Amid the far-reaching housing crisis, Iqaluit’s homeless are among the nation’s most burdened sectors.
The federal government has previously estimated that Nunavut needs more than 3,000 affordable units to accommodate current housing demand.
With over 4,900 individuals on the waiting list for low-cost housing, a significant proportion of the city’s homeless are Inuit forced to live in run-down homes. Many of these people are either elderly or stuck taking care of small children – and those who do have employment and incomes are not fortunate enough to be able to afford the market’s rental rates.
The Nunavut capital’s average monthly rent for a two-bedroom apartment stood at $2,648 in 2017, the latest CMHC reading for the oft-neglected market.
A recent announcement by Prime Minister Justin Trudeau might offer a semblance of hope: The federal government has vowed a $290-million, eight-year investment in developing and expanding Iqaluit’s social and community housing.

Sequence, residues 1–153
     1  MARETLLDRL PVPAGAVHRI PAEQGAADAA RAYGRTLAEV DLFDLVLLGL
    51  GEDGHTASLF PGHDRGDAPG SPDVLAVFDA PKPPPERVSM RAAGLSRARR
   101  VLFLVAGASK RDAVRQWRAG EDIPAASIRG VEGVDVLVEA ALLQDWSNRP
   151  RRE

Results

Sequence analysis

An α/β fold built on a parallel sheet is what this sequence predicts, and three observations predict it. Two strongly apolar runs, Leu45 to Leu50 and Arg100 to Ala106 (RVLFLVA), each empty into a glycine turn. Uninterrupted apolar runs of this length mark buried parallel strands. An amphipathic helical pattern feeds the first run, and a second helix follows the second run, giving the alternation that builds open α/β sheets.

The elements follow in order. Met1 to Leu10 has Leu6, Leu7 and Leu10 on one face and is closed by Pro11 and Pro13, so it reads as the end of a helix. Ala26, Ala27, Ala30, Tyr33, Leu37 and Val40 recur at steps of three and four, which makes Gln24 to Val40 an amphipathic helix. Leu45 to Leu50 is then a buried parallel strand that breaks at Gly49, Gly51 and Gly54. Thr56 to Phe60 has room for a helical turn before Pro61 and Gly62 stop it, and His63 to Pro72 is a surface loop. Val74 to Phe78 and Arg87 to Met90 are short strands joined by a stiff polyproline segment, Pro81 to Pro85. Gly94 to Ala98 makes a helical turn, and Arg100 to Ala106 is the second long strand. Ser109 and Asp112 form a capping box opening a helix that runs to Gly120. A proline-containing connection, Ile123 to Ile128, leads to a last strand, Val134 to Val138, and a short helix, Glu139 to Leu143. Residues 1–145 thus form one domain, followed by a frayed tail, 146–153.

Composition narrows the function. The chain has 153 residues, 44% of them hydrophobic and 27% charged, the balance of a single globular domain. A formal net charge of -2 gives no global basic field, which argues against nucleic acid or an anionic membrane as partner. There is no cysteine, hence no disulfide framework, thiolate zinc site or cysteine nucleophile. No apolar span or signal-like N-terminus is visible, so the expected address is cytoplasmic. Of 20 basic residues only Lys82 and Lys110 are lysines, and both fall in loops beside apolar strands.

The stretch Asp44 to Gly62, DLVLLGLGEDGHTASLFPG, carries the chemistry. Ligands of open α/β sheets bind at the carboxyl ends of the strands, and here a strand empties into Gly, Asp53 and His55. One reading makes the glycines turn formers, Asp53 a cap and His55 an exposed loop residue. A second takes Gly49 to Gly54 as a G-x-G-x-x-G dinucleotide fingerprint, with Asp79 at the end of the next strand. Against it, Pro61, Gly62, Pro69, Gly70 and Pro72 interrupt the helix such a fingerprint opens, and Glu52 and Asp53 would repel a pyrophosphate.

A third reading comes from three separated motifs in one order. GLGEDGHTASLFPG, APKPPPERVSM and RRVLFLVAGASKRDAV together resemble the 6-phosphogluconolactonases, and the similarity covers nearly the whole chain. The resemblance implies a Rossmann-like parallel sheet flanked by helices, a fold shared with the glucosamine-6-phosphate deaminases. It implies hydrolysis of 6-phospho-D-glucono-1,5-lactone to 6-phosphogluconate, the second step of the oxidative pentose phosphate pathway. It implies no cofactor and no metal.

“We recognize that this is a big step forward that is going to make a huge difference in creating thousands of homes and we know this is really going to make a tangible impact in the lives of people here in the North,” Trudeau stated, as quoted by The Canadian Press.
However, while Nunavut Premier Joe Savikataaq and Iqaluit Mayor Madeleine Redfern welcomed the endowment, they stressed that the severity of the situation requires more drastic, immediate action.
“Nunavut is a cold and harsh environment and it’s no place for anyone to be homeless and we’re happy for this funding. We also need transitional housing and homeless shelter funding,” Savikataaq emphasized.
Average temperatures in Iqaluit have been measured to go as low as -27 °C.
“This is like the tip of the iceberg, but we are thankful for what we’re getting and we’ll be working with the federal government to come up with a good strategy in terms of how to alleviate more of our housing crisis here,” Savikataaq added.
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